Q. What are your early impressions of Kevin Youkilis, and how much better are the White Sox at third base?
A. Well, they're definitely better because they have an actual third baseman to play every day at that position. Orlando Hudson did about as well as he could've done for a guy that had been in 10 Major League seasons before ever playing over there.
Now, the Sox have a solid player that should improve the position's on-base percentage by 100 points, at least. That will prove to be useful batting in front of all-stars Adam Dunn and Paul Konerko.
For a while, I believed the price to make the Youkilis trade would cost more than what the Sox could -- or should -- afford. With Boston picking up most of his remaining salary and the Sox avoiding the loss of any everyday contributors, the deal can only help this team.
My fear was that they would package a higher prospect or a reliever off the 25-man roster in a potential trade for Youkilis, and I believed (still do) that the Sox need all the pitching help they can get. Losing a reliever to make that deal wouldn't have maximized the improvement.
Since the Sox didn't do that, I'm happy.
Q. Were you surprised the Sox designated Will Ohman for assignment? Is Leyson Septimo an upgrade?
A. Not completely surprised, but I thought they would allow him to stick around a bit longer since the veteran presence in the pen is scarce, even with Ohman on the team.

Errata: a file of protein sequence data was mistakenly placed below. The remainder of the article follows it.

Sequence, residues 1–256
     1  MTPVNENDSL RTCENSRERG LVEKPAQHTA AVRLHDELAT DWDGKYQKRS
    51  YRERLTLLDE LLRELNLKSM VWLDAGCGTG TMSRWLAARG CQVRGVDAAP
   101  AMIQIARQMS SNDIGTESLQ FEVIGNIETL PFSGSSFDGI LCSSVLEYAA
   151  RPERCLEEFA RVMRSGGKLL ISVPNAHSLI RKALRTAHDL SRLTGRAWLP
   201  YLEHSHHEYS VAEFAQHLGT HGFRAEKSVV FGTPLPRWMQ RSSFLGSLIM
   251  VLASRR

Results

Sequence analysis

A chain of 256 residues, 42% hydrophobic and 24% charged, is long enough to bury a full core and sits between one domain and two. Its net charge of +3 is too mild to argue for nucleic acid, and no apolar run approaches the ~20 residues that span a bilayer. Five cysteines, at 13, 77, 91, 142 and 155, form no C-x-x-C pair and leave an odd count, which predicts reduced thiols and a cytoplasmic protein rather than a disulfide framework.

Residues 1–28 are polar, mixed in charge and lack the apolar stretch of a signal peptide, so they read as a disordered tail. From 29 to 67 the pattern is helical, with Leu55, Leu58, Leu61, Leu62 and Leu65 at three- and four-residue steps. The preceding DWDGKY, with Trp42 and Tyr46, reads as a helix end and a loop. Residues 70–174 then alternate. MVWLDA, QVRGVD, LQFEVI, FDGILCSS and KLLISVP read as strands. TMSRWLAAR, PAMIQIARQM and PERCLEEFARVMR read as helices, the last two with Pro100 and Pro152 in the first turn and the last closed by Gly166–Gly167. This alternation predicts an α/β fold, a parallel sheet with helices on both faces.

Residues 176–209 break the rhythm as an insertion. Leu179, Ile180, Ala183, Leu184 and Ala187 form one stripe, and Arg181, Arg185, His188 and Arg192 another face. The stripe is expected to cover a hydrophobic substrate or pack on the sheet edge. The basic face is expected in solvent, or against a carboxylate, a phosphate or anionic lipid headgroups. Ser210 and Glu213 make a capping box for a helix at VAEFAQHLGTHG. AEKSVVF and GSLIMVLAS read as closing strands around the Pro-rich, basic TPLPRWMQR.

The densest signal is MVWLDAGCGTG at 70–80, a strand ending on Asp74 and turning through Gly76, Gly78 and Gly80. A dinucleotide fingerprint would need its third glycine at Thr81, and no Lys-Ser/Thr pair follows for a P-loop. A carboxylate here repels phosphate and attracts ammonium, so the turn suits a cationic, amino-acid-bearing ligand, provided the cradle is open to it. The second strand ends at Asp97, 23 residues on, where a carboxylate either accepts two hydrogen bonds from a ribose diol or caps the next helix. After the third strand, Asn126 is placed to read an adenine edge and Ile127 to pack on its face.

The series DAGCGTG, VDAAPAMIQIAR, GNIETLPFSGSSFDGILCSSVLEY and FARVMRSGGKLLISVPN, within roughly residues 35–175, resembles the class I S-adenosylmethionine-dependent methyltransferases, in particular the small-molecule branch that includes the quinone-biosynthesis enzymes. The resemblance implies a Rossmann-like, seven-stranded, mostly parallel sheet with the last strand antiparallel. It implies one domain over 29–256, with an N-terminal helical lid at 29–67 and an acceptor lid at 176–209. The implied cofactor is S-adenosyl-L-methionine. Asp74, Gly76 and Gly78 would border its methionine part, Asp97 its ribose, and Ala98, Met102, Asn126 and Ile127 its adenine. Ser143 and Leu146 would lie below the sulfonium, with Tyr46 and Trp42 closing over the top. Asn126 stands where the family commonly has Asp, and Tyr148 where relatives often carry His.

Hopefully, Septimo does the job better than Ohman did. While he has better stuff than Ohman (better fastball and throws a slider and changeup), there's always uncertainty with how a younger pitcher will perform once he gets the call.
If he's able to maintain control of the strike zone, Septimo is going to give left-handed hitters a difficult time. And if his changeup works, he'll be able to pitch effectively to right-handers, too.
Q. Why is Alex Rios playing at such a high level?
A. He has been fun to watch, hasn't he?
He's relaxed and confident which makes him better. As has already been noted dozens of times this season, Rios is clearly better in right field than he was in center. I'm sure that has something to do with his overall level of comfort.
Last year's Rios was often labeled as a player that didn't care, which really wasn't true. In reality, 2011 was tough on him mentally, and body language that was identified as indifferent was actually frustration. Not everyone exhibits frustration in the same way.
Fortunately for the Sox, that Rios is gone.
Q. The White Sox have six rookies on the pitching staff. Is that going to be a problem as the season progresses?
A. Though I think they would prefer to have a guy or two with more experience in the bullpen, the team doesn't seem to be that worried about it. That's because they strongly believe in the young arms they have and feel like they're armed with real, actual talent out there, and not just roster-fillers.
I still think they'll look to add a veteran, but I'm not sure what they're willing to pay.
• Chris Rongey is the host of the White Sox pregame and postgame shows on WSCR 670-AM The Score. Follow him on Twitter @ChrisRongey and at chrisrongey.com. Subscriber Total Access members can email him questions each week via our online link.